By Diane Anderson-Minshall
Originally published on Advocate.com October 08 2011 5:25 PM ET
When 26-year-old Florida photographer Rion Sabean began his latest project — a series of photographs of men in classic pin-up poses — he had no idea the reaction they'd inspire in people. Sabean's "Men-Ups" casts men in classically masculine configurations (the bearded, the burly, the blue collar) and positions them in Vargas-style poses that are usually reserved for the ultra-feminine women. The result, which he's hoping to turn into a calendar by year's end, is thought-provoking, riveting, and amusing. The Advocate talked with Sabean about his "Men-Ups."
What inspired the project?
In essence, the project was something that I knew for a long time had to happen, but I just hadn't worked out how I would achieve it. I know around the time that I did start formulating it all, that I was taking a feminist literature class that was really triggering these really great reactions with me that probably pushed my creatively even further.
How have men and women reacted to the images? Differently? What is the typical reaction?
I would say that in general the response has been pretty positive on both sides. Females tend to really enjoy the focus being taken away from them for once, while males seem to think that it's more comical. I would say the overarching reaction people cling to is that they're fun and just beautiful to look at. But then it gets murkier depending on sexual orientation, because I've noticed that a lot of older straight males that I know, that while they don't seem to dislike the works, have said "I don't get it."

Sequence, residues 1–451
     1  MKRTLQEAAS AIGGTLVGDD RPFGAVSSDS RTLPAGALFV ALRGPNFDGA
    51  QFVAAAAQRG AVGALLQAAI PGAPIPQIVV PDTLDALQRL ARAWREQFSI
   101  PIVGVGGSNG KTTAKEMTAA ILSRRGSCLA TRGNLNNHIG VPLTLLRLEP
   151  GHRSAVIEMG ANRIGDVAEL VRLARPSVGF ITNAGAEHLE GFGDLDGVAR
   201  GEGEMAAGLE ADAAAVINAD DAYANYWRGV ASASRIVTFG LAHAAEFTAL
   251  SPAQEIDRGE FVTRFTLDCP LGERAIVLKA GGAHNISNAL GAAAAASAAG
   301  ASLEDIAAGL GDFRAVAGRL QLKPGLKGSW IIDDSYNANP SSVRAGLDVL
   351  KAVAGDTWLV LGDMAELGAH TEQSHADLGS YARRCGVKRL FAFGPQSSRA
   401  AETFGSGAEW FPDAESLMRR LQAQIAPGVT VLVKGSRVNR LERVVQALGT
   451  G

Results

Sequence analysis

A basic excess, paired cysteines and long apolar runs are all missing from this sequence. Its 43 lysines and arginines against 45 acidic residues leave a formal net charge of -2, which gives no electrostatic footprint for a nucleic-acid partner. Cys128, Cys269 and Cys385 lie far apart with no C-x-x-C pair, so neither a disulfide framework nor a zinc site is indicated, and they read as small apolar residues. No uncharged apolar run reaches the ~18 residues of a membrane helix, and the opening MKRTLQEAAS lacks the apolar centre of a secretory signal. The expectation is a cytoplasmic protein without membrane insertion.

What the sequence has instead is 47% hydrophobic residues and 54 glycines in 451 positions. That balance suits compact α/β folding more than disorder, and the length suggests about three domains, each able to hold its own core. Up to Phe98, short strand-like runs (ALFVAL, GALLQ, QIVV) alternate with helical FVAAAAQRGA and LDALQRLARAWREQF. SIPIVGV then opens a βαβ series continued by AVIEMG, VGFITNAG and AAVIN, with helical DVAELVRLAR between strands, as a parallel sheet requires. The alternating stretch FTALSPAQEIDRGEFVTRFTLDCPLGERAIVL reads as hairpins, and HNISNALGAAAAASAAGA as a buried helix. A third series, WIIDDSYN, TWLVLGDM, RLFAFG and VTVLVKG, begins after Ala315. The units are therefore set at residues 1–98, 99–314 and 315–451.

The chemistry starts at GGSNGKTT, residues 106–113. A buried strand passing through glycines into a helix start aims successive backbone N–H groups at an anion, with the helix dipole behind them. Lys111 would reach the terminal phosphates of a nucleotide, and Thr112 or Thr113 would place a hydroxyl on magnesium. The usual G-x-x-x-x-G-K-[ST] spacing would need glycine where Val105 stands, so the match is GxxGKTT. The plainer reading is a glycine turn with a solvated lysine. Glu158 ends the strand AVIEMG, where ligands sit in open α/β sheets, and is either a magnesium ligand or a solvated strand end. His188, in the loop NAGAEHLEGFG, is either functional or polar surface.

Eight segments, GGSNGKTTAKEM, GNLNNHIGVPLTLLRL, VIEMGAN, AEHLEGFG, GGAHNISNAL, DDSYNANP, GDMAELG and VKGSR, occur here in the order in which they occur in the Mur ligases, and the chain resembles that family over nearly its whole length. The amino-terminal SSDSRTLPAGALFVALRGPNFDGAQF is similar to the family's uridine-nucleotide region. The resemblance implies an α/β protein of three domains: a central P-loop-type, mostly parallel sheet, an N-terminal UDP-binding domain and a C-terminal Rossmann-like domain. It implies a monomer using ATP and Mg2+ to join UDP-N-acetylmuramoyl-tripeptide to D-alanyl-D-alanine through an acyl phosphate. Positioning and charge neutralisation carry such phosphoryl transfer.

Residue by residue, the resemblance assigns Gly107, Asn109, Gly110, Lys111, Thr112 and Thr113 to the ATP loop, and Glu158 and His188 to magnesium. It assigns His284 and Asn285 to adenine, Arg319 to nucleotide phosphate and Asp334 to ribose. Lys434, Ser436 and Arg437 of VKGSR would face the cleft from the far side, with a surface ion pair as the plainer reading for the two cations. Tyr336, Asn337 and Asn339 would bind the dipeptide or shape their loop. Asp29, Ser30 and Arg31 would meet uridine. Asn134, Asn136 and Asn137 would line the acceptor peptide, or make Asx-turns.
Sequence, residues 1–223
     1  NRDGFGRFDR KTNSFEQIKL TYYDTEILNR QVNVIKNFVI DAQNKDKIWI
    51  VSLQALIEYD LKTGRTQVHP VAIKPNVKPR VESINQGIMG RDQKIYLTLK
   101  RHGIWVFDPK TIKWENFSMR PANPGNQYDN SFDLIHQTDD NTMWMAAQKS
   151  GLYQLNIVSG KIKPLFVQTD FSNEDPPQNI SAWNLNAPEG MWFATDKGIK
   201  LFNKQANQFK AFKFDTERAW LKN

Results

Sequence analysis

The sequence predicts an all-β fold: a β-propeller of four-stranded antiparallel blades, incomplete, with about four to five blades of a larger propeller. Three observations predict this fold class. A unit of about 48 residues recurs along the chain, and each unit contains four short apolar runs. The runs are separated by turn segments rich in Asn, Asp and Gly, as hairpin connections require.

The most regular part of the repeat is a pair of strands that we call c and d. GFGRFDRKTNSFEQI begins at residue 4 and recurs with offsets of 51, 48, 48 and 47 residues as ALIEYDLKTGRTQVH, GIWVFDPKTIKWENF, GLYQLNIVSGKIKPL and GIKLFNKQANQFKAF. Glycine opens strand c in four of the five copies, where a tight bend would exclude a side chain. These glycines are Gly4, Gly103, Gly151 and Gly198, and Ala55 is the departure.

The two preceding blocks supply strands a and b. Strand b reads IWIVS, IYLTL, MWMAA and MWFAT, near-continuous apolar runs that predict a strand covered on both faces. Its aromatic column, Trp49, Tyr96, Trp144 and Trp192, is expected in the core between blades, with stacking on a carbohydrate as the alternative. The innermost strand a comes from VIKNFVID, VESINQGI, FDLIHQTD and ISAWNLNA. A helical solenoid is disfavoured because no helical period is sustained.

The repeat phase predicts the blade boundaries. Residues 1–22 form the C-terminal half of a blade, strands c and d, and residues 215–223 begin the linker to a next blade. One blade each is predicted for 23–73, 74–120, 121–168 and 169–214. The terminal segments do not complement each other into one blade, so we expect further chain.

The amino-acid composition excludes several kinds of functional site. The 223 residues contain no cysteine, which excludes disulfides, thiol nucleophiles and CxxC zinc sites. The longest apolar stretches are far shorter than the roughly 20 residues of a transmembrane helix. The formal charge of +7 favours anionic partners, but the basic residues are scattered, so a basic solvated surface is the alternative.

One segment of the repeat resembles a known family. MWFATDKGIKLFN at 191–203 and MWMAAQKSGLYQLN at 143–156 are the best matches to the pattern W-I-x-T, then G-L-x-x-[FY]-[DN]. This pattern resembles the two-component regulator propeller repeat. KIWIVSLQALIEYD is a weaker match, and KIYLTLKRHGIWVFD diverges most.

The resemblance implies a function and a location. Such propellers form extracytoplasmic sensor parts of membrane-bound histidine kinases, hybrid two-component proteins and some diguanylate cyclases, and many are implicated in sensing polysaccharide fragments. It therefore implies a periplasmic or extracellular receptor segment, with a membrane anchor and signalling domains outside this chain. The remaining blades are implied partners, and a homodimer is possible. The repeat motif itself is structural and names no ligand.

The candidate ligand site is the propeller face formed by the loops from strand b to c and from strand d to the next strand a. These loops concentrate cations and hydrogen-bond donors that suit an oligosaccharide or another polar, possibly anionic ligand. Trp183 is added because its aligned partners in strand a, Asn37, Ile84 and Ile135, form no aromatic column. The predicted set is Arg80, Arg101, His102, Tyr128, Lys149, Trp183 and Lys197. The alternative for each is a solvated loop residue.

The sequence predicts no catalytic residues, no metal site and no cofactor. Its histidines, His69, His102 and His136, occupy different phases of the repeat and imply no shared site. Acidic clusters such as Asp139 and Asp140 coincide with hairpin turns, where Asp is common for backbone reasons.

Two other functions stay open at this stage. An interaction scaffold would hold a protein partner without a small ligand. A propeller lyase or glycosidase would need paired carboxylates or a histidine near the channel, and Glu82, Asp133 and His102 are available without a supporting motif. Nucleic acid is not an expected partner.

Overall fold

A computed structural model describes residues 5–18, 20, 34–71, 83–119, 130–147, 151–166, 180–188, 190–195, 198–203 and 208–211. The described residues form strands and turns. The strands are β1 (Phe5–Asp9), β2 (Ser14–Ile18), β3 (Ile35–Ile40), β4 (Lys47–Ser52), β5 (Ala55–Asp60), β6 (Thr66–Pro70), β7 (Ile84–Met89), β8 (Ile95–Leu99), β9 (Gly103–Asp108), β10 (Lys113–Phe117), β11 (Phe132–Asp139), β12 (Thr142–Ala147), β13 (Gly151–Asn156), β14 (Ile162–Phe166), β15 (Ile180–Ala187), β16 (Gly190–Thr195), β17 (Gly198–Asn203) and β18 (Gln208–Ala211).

When is the calendar going to be available?
The calendar will
be ready by December, come hell or high water! I'm working with a very
small company and am currently going to submit an unfinished mockup to
check the quality and make sure it's acceptable.
You play with gender binaries, clearly. Is that something that’s has personal relevance?
wouldn't fully say that it feels personal, so much as pertinent. I just
know that there are very specific things that society has always said,
and still says, that males should and shouldn't do — and females too —
and that doesn't bode well with me. I just live by the mantra that these
rules are so minuscule that they don't even matter. They're constructs
and completely baseless, so why should be ascribe to them?
Are you gay, straight, bi?
am gay. Although, not all my models are, and a decent amount
automatically assume that they are, either because they're posed like
that, or possibly by association with me. I always thought that was
You posed yourself for one of the Men-Ups. How awkward did you feel? Did you channel your inner Vargas girl?
was only awkward to the extent that I was alone in the studio, trying
to achieve this almost impossible pose, whilst sitting atop a toolbox,
making the right face at the right time, and then trying to take the
photo all at the same time. It was pretty insane, and actually really
pushed the idea of these poses being far-fetched even further, because I
was having issues even replicating it, as were other models I had
worked with. Beyond all that, I did do research solely on poses before I
even began shooting any of the models. So, they really helped to have a
standard, or reference.